The ACS National Meeting is coming up and I’m excited to go for the first time… but I’m nervous about networking at professional events. I’d like to be able to use this meeting to make some new connections and have a little fun, but I’m bad at talking to strangers. I know I’ll spend the whole conference checking my phone if I go in without a game plan. How do I network with my fellow librarians? Help!
You’re putting way too much pressure on yourself! It’s okay to be nervous about networking at professional events. It’s a situation many people struggle with, not just librarians. Think about it this way: If everyone else in the room was a master networker, you wouldn’t have to introduce yourself – someone else would always approach you. Networking is hard for everyone!
So what can you do? Instead of beating yourself up for being “bad at talking to strangers,” try thinking of ways you can make it easier for people to talk to you.
- Bring a buddy: If you’re attending an event with an existing friend or coworker, don’t just talk to each other the entire time. Expand your circle! It’s easier to talk to strangers when you have a friend to help you keep the conversation going. Be inclusive and look to make connections with people who look like they too are having a hard time networking. That could have been you!
- Do a little pre-planning: You can use librarian-focused networks like the ACS CINF, SLA Chemistry, or ACRL-STS discussion lists to find other librarians who are attending the same event. Make plans to meet up at the show and do a little networking together.
- Use social media: Use the event’s official hashtag on Twitter to ask if any librarians attending the conference want to get together for a networking session or a bit to eat during the event. If you are at a librarian-focused event, try asking if anyone from your hometown wants to get together – being from the same area will make it easier to stay in touch.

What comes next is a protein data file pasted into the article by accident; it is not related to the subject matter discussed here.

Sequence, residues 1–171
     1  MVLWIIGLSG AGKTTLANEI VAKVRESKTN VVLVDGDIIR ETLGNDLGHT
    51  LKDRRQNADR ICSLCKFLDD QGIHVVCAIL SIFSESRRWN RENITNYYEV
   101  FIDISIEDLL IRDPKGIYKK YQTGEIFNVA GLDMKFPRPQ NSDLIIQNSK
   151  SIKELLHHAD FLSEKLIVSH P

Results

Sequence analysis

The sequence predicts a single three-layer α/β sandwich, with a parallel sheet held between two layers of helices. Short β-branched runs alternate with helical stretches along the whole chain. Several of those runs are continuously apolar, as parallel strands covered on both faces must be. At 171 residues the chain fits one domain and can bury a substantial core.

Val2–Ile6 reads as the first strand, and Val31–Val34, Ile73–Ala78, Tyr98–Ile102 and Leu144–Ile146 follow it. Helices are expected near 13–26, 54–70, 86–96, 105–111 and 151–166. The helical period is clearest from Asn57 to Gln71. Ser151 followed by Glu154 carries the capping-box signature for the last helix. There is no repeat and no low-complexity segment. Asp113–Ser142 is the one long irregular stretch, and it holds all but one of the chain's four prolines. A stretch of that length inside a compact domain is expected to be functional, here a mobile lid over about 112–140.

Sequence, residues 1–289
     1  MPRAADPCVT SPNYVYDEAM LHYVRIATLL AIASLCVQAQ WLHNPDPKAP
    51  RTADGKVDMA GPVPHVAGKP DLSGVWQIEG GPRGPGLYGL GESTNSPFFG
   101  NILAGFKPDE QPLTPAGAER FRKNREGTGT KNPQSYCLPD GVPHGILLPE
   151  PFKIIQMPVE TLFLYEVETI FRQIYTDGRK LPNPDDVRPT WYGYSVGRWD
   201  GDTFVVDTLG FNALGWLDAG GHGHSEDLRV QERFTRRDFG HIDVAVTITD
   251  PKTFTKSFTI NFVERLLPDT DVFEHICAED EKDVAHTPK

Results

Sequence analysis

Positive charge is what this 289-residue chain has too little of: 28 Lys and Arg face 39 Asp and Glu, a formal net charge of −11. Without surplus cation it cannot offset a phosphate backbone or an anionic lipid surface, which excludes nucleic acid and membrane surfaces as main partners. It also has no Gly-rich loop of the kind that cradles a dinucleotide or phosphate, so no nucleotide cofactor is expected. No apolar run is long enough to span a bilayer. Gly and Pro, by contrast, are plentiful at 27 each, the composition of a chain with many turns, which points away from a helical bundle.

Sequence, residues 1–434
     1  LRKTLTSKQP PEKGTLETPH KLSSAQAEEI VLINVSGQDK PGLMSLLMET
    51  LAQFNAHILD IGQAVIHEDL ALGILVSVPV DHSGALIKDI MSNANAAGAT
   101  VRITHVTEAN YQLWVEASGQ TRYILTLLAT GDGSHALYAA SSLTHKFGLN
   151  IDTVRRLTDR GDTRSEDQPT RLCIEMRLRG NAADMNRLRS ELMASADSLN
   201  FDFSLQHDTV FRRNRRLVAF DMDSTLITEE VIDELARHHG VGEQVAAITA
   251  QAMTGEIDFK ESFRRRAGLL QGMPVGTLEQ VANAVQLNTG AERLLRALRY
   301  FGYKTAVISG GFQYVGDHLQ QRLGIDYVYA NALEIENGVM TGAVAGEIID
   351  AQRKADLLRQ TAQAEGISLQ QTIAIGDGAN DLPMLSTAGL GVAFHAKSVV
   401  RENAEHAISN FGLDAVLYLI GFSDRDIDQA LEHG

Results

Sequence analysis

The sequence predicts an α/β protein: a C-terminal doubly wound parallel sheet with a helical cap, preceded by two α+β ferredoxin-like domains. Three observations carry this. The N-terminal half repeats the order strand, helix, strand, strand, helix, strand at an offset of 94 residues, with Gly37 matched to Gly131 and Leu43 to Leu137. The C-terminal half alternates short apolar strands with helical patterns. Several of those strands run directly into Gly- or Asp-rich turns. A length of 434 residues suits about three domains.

- Practice: Having a practiced introduction can make a world of difference, especially if you are still feeling shy. Help people put you in context. Explain who you are and what you do, but try to take it a step further. Give your new friend an opening by saying something that invites a comment or a question to keep the conversation flowing. It could be as simple as “This is my first time at this event,” or “I want to learn more about X at this conference.”
- Read the room: If all else fails, look for someone else who can’t stop checking Twitter and go make friends with them. They will be glad you did.
Librarians answer tough questions every day, but sometimes even they get stumped. Every month, ACS Library Relations Manager Michael Qiu picks one of your burning questions to answer with the painstaking care you would expect from a librarian. Send him your best questions at M_Qiu@acs.org and he might address your issue in a future edition of this column.